Hackers were able to gain access to camera feeds from Verkada, a tech company that specializes in video security and physical access control, to demonstrate how prevalent surveillance is, reports say.
Unfortunately, it also exposed the inner workings of hospitals, clinics, and mental health institutions; banks; police departments; prisons; schools; and companies like Tesla and Cloudflare, after at least 150,000 cameras were compromised as part of this demonstration.
Verkada is still investigating the scale and scope of the breach.
Swiss hacker and member of the hacking collective "APT-69420 Arson Cats," Tillie Kottmann, claimed credit for the Verkada hack. When asked why, they told Bloomberg: "lots of curiosity, fighting for freedom of information and against intellectual property, a huge dose of anti-capitalism, a hint of anarchism—and it’s also just too much fun not to do it."
Kottmann was also credited for breaching Intel in August 2020 and Nissan Motors in January 2021.
All of Kottmann’s tweets related to the Verkada hack contain the #OperationPanopticon hashtag, which references the panopticon, a prison architecture that allows a supervisor to have full view of its inmates without them knowing that they’re being watched. It is also a metaphor used to illustrate surveillance technology.
It isn’t clear if this operation is a name for just the Verkada hack, or a name for a series of breaches against surveillance companies that could affect millions, with Verkada just the first company to be targeted and breached.
Speaking to Bloomberg, Kottmann said this incident "exposes just how broadly we’re being surveilled, and how little care is put into at least securing the platforms used to do so, pursuing nothing but profit. It’s just wild how I can just see the things we always knew are happening, but we never got to see."
Twitter suspended Kottmann’s account after they leaked Tesla security footage.
When asked how they were able to breach Verkada, Kottmann claimed that they were able to get an administrator account credential, which was publicly available online for some reason, with "super admin" rights, which gave them access to any camera, belonging to any of the company’s clients.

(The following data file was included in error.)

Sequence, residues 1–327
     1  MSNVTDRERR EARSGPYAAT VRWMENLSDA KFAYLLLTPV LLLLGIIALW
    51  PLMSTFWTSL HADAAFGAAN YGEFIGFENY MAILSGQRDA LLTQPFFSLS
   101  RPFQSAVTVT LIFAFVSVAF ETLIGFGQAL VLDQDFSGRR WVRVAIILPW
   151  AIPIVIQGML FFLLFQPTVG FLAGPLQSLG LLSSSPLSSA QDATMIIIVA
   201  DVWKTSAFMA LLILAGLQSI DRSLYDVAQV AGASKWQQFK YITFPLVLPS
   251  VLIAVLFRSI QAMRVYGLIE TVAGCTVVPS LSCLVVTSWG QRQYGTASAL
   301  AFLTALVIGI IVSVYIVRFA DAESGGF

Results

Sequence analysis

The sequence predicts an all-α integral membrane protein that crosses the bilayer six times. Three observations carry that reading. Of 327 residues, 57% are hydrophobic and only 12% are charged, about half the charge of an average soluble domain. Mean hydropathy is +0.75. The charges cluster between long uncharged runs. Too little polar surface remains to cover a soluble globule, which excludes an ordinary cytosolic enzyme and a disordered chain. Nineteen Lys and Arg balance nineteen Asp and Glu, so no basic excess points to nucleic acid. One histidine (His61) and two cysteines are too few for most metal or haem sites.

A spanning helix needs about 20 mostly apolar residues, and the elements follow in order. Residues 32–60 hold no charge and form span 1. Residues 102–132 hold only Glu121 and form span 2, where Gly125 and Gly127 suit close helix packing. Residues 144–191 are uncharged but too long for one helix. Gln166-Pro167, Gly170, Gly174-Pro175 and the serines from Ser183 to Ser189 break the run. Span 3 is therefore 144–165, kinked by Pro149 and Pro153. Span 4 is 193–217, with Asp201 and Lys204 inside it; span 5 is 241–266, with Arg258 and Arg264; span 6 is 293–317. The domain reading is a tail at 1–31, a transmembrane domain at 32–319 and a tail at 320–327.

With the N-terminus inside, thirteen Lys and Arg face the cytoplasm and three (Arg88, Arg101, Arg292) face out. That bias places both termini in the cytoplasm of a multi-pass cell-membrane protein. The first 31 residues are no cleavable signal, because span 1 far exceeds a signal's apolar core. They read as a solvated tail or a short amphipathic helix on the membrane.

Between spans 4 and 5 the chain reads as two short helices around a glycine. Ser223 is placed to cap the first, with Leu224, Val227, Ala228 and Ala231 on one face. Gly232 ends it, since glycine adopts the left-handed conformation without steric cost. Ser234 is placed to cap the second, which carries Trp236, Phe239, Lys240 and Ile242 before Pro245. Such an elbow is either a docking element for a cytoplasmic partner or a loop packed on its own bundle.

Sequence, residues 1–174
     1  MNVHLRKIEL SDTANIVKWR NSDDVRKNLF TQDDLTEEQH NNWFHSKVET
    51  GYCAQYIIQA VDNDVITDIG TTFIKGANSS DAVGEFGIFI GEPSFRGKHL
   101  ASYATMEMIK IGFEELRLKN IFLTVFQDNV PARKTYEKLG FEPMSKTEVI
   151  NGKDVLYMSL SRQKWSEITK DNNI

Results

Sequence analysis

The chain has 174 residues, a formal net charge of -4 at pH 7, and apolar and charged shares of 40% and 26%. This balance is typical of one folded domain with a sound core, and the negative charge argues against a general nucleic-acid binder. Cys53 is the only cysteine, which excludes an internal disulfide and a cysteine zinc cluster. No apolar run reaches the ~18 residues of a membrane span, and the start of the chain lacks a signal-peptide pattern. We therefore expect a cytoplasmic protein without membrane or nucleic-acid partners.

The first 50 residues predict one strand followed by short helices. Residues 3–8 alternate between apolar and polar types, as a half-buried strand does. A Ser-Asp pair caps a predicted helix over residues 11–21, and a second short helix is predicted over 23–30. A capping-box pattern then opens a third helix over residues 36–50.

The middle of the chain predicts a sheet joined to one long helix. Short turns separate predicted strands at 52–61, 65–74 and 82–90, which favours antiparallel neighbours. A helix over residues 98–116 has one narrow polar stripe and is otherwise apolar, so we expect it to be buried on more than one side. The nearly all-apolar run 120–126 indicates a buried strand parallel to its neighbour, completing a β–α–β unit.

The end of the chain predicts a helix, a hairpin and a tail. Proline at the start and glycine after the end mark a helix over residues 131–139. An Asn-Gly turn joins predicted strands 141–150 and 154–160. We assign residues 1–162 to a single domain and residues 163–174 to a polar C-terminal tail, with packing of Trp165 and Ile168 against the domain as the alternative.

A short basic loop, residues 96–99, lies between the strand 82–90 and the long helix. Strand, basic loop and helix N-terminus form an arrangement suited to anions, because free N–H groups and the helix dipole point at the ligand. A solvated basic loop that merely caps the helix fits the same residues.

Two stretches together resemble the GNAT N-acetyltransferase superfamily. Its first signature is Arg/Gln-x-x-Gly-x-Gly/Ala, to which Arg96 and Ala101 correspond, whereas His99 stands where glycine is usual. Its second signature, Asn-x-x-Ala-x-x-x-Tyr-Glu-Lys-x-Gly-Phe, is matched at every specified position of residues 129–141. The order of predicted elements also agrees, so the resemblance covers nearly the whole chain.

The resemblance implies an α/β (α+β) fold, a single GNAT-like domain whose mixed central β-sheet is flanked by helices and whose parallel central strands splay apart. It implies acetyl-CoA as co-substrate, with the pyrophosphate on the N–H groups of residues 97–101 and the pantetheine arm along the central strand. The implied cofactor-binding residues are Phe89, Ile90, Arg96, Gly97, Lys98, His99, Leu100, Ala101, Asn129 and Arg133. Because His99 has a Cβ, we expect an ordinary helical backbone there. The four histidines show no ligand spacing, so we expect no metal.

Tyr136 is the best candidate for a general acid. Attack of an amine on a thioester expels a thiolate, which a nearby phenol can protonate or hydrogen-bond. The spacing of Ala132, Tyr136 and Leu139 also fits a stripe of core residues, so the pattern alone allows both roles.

IPVM reports that a source "with direct knowledge" discovered that "basically every team member" at Verkada, including executives, had super-admin privileges.
IPVM also reports that super-admin access went further than simply letting the hackers see whatever they wanted:
Not only did Super Admin provide access to video feeds ... it provided access to the root shell inside the cameras running inside each customer's facility.
In a statement about the incident, Verkada confirmed IPVM's reporting, admitting that attackers had "gained access to a tool that allowed the execution of shell commands on a subset of customer cameras".
According to the company, attackers gained access via a Jenkins server "used by our support team to perform bulk maintenance operations on customer cameras", which gave them access to "video and image data from a limited number of cameras from a subset of client organizations". Attackers also gained access to lists of client account administrators and sales orders.
Seeking to reassure customers, the company said it had now secured its systems.
First, we have identified the attack vector used in this incident, and we are confident that all customer systems were secured as of approximately noon PST on March 9, 2021. If you are a Verkada customer, no action is required on your part.
This isn’t Verkada's first bout with negative publicity. In October 2020, three employees were fired after they abused Verkada's own video surveillance system to capture and pass on media of female colleagues with sexually explicit jokes in one of the company's Slack rooms.
Motherboard’s Vice was able to interview a Verkada employee who was unimpressed by the whole incident, saying "the big picture for me having worked at the company is that it has opened my eyes to how surveillance can be abused by people in power."
The hack raises serious questions about who had access to what, and why, and highlights both the security and privacy risks that come with admin and super-admin accounts. Simply, the more administrators there are, the more targets there are.
Administrator or super-administrator accounts should only be issued to people who need them to do their job, and those people should only use them if an account with lower privileges can't be used. They should never be used for convenience.
Speaking to Bloomberg about the consent and privacy implications, Eva Galperin, the Electronic Frontier Foundation’s director of cybersecurity, made the point that companies who use a network of cameras may not expect that someone other than the company’s security team are watching them.
"There are many legitimate reasons to have surveillance inside of a company," Galperin said in a Bloomberg interview. "The most important part is to have the informed consent of your employees."
Finally, it should not be forgotten that Verkada and its customers were the victims of a crime. Accessing other people's computers without their consent is still illegal, no matter how good your point is.